Dropbox Paper as a Digital Work Hub: Will It Lead to an IPO?
By Jim Lundy
(Aragon Research) – Rumors have been circulating (via Reuters) about Dropbox looking for Underwriters for an Initial Public Offering (IPO). For Mobile Content Management firms, it has been a challenge to compete against Google and Microsoft, who continue to win accounts with their Cloud Office Suites and renewed focus on Google Drive and Microsoft OneDrive, respectively. Content Management is still a pressing need in the enterprise; today it’s about getting work done with a more integrated approach. This blog looks at Dropbox and the shift to Digital Work Hubs.
Defining Digital Work Hubs
Digital Work Hubs is a concept introduced by Aragon earlier this year. Digital Work Hubs bring people, teams, and work together, and are more integrated than an Office Suite. This is the reason that providers like Slack are challenging Suite providers like Google and Microsoft. There will be many different types of Digital Work Hubs. For example, Cisco Spark, with its Workspaces, is a communications-focused Work Hub that makes it easy to meet and collaborate around content, particularly around Digital Whiteboards. Sales Engagement Platforms, such as ClearSlide and Savo, are also Digital Work Hubs for Sales Professionals (we refer to them as an ‘Office for Sales’).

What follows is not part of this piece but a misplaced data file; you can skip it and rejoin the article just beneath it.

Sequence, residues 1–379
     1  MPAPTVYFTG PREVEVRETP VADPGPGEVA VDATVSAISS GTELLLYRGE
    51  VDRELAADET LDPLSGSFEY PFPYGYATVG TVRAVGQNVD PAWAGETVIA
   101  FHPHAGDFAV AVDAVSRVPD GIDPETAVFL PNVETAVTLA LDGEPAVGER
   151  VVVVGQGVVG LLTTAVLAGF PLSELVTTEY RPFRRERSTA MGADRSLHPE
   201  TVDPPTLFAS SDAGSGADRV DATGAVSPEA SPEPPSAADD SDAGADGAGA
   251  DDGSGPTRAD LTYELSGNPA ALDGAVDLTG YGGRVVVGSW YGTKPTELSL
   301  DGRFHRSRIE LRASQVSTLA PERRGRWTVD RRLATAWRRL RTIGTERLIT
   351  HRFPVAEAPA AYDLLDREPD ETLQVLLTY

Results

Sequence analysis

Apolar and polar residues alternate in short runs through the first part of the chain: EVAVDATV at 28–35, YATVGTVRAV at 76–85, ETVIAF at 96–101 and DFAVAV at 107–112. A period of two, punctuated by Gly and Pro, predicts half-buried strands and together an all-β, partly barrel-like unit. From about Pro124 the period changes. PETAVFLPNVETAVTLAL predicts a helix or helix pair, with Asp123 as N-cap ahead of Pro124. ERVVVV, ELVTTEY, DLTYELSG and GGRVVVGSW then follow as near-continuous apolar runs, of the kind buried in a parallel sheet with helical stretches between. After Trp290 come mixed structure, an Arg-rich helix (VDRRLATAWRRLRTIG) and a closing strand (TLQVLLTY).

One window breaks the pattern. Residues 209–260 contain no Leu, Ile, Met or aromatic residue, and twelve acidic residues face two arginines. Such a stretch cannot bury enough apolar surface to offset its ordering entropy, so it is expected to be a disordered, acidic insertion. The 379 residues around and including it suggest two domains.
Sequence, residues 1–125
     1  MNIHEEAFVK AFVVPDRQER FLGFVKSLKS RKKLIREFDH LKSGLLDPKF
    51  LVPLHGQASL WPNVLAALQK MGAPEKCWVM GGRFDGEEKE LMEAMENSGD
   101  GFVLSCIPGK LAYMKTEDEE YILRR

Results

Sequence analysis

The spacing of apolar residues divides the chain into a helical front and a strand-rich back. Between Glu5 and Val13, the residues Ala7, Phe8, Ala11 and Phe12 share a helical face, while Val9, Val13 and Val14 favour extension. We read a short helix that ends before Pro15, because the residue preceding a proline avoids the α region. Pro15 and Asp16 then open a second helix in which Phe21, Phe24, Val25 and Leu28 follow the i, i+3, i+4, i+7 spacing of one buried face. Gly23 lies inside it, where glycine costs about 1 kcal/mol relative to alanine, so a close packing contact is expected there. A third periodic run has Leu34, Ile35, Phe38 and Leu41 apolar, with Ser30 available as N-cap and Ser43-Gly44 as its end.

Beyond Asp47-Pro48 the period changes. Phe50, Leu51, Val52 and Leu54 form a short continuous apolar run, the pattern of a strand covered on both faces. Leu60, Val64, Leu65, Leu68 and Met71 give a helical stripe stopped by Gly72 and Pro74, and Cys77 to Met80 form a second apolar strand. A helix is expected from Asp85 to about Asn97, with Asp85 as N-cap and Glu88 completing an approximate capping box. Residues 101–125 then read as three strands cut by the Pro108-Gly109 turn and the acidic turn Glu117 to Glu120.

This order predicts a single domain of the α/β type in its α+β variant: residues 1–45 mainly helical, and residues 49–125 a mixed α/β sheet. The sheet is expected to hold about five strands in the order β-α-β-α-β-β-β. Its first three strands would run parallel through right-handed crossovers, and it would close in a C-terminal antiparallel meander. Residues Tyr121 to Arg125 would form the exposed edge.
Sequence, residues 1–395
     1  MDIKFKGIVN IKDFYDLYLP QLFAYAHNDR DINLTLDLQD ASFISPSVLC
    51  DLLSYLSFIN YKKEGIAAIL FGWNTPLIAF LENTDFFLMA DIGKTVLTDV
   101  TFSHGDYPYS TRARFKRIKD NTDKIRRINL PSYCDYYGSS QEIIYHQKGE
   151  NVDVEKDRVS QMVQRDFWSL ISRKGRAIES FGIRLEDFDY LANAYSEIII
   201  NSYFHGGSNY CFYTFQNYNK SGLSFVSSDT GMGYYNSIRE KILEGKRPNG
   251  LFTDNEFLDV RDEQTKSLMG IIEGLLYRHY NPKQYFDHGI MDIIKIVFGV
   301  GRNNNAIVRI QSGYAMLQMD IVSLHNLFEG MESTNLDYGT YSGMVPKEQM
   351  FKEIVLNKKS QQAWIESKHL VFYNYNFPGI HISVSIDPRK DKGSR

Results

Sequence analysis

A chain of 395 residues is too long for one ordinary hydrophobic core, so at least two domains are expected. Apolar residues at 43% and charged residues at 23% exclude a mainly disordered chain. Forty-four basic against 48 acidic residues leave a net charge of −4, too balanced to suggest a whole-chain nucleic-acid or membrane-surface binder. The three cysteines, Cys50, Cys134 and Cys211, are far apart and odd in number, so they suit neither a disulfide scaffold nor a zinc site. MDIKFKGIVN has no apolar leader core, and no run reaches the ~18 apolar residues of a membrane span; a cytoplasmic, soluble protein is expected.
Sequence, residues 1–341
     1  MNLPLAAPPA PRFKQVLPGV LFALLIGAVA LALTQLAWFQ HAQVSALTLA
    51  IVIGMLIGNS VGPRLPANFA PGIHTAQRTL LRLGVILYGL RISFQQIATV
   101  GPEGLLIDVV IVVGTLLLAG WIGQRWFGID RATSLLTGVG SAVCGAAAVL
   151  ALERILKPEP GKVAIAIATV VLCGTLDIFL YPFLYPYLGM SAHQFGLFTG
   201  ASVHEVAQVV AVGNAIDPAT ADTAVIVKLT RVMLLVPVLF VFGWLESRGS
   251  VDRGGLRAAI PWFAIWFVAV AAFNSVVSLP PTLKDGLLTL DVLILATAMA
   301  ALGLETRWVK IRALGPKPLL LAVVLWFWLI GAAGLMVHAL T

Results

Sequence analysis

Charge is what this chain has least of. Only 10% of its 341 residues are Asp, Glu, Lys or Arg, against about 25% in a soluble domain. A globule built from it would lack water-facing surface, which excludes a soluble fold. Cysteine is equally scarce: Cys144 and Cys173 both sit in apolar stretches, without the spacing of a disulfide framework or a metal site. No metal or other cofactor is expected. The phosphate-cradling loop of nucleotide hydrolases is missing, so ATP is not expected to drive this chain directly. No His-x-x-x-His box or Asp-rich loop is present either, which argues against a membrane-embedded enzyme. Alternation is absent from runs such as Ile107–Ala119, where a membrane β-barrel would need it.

This trend of integrated Work Hubs emerging from multiple providers spells trouble for standalone content management applications, whose days are numbered.
Dropbox Paper Is a Work Hub in Process
The great news for Dropbox is that it appears to understand the need for more integrated work. Dropbox Paper has been around as a concept since 2015, and it formally shipped in early 2017. Dropbox Paper has all the ease of use that Dropbox was originally known for. We expect that Dropbox Paper will succeed in Corporate Marketing Departments where Dropbox has had a stronghold.
Dropbox vs. Box, Google, and Microsoft
We will also note that the Dropbox Business team has been working very hard to win corporate accounts—and they’ve succeeded. The challenge is that Box, Google, and Microsoft have been focused on the enterprise longer and as a result, are more entrenched. We would also note that today, there is more of a co-existence model that has emerged. Dropbox, Box, and Google are all pitching co-existence with Microsoft Office 365. While Microsoft welcomes this, it is also pitching OneDrive and SharePoint Online very hard, and CIOs and Business Buyers are coming around. This is partly due to improvements Microsoft has made to OneDrive. That said, the attractiveness of OneDrive is because it is part of Office 365.
Dropbox IPO and the Long Haul
The battle for Digital Work Hubs is on and Dropbox Paper is one of the emerging Work Hubs for enterprises to evaluate. Will Paper be enough to get Dropbox to IPO? We expect that it will, but Dropbox will have to do more to break out of its stronghold in marketing to be able to compete at the broader enterprise level against Box, Google, and Microsoft.